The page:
Australia & New Zealand: Intense water deficits will persist in Tasmania & New Caledonia

24 June 2019

THE BIG PICTURE
February 2020 indicates water deficits of varying intensity in northern Australia from the Kimberley region along the northern coast of Western Australia to the western shore of the Gulf of Carpentaria. Deficits are expected to be exceptional near Darwin in Top End, Northern Territory.

Intense deficits are also forecast in Western Australia’s southern tip, with deficits of lesser intensity north of Perth.

Moderate to extreme deficits are forecast along Australia’s southeastern coast from Kangaroo Island near Adelaide past Melbourne. Deficits are forecast throughout Tasmania and will reach exceptional intensity.

A block of intense surplus is forecast in the center of Australia east of Alice Springs. Moderate surpluses are forecast for a few pockets of northern Queensland, in the west near the Selwyn Range and in the east south of Townsville.

In New Caledonia, intense deficits are forecast. Deficits will also be intense in the Tasman District of New Zealand at the northern tip of South Island.

FORECAST BREAKDOWN
The 3-month maps (below) show the evolving conditions in greater detail.

The forecast through August indicates, overall, mild deficits or normal conditions in Australia, a transition from widespread, exceptional deficits in prior months. However, deficits ranging from moderate to exceptional are forecast for Tasmania as well as a pocket across the strait on the mainland east of Melbourne. Moderate to severe deficits are expected on the east coast from Brisbane to Canberra. On the other side of the country, intense deficits will persist in the southern tip of Western Australia (WA), with moderate deficits near Perth. Some moderate deficits are also forecast in Top End, Northern Territory (NT); a large block of intense surplus is forecast in southeastern NT east of Alice Springs. Surpluses are forecast in a few pockets of Queensland (QLD) as well, east of the Selwyn Range and south of Townsville near the coast.

In New Zealand, deficits of varying intensity are forecast for North Island, including exceptional anomalies north of Auckland. Extreme deficits are forecast for New Caledonia.

From September through November, water conditions will continue to normalize in Australia, leaving a few areas with significant anomalies. Tasmania will continue to experience deficits though the intensity will downgrade. Likewise, deficits in WA’s southern tip will downgrade, becoming moderate to severe. In the north, moderate deficits will persist in Top End, NT but a few small, intense pockets are also forecast. Intense surpluses will persist in the center of the county east of Alice Springs, and aforementioned surpluses in QLD will also persist. Normal conditions are expected in New Zealand and deficits in New Caledonia will moderate.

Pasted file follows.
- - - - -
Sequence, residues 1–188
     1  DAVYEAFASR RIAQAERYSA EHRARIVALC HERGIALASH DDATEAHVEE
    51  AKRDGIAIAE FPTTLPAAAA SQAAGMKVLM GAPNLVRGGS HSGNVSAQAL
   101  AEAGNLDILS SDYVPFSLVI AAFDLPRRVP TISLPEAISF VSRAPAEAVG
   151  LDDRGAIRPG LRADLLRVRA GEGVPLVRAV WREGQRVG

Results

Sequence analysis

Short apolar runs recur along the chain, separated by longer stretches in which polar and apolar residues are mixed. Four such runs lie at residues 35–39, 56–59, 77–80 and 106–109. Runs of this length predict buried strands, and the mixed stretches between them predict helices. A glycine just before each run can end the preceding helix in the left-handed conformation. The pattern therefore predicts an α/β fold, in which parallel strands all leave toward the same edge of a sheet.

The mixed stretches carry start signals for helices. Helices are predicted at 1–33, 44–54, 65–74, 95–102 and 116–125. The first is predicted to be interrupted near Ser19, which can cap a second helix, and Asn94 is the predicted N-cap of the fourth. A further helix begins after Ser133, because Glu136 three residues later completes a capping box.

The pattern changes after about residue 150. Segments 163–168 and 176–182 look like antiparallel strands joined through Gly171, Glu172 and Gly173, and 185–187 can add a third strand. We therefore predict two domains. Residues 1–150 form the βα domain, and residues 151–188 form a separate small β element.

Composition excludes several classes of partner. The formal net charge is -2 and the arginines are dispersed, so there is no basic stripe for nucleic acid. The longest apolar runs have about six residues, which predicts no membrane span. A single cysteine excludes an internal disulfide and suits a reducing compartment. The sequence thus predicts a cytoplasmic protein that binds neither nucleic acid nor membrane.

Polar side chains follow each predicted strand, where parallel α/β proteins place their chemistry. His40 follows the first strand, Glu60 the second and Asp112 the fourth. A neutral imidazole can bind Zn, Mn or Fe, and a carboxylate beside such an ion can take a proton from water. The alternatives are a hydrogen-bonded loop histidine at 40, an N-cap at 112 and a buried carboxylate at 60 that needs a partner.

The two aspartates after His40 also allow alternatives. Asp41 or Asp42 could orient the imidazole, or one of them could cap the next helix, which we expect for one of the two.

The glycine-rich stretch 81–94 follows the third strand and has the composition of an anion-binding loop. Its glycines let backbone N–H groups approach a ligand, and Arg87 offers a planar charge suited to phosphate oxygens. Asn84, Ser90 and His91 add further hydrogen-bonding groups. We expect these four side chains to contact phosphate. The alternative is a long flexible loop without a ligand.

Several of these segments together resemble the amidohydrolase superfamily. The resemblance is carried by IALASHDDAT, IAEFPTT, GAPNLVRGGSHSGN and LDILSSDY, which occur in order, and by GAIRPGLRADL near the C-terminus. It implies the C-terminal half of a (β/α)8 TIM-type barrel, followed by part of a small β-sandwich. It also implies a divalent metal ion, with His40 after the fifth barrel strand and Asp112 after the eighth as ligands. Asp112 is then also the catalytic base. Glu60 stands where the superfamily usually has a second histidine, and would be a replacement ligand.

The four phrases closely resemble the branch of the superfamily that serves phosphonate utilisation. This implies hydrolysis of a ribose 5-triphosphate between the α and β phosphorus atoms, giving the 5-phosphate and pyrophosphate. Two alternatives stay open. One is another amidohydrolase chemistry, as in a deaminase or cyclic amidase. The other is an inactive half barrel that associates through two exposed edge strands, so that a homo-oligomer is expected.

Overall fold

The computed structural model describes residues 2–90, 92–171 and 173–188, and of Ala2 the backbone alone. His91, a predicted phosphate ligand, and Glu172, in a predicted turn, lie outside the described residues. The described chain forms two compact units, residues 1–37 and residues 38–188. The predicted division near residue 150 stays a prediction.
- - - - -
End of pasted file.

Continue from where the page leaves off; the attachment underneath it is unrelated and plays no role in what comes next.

The forecast for the final months – December 2019 through February 2020 – indicates moderate deficits in Tasmania and in the southern tip of WA, and moderate surpluses along the southeast coast in New South Wales.

(It should be noted that forecast skill declines with longer lead times.)

IMPACTS
Flooding in the southern region of New Zealand’s North Island closed a state highway overnight this month.

Widespread flash flooding followed severe storms in Victoria, Australia, prompting several water rescues early this month.

New South Wales, Australia’s most populous state, imposed water restrictions for the first time in ten years last month as dam levels fell to just over 50 percent capacity, down from 96 percent just over two years ago. Watering lawns and gardens is allowed only within a six-hour window, and washing of hard surfaces is prohibited.

Drought has driven Australia’s national cattle herd to a 25-year low and depleted export value in Australian grain, according to the Australian Bureau of Agricultural and Resource Economics and Sciences. Export earnings are expected to drop by 4.5 percent from last year, and farm production to drop by 3 percent.

The Australian Productivity Commission warned that drought assistance to farmers is becoming large enough to create disincentives away from destocking and from properly managing a farm through climate cycling. The Commission also noted that drought assistance is “out of step” with assistance given to families who are otherwise struggling, suggesting that the cash grants have become more like industry assistance.

NOTE ON ADMINISTRATIVE BOUNDARIES
There are numerous regions around the world where country borders are contested. ISciences depicts country boundaries on these maps solely to provide some geographic context. The boundaries are nominal, not legal, descriptions of each entity. The use of these boundaries does not imply any judgement on the legal status of any territory, or any endorsement or acceptance of disputed boundaries on the part of ISciences or our data providers.

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Many analyses reported in ISciences-authored blog posts are based on data generated by the ISciences Water Security Indicator Model (WSIM). Other sources, if used, are referenced in footnotes accompanying individual posts. WSIM is a validated capability that produces monthly reports on current and forecast global freshwater surpluses and deficits with lead times of 1-9 months at 0.5°x0.5° resolution. This capability has been in continuous operation since April 2011 and has proven to provide reliable forecasts of emerging water security concerns in that time-frame. WSIM has the ability to assess the impacts of water anomalies on people, agriculture, and electricity generation. Detailed data, customized visualizations, and reports are available for purchase.

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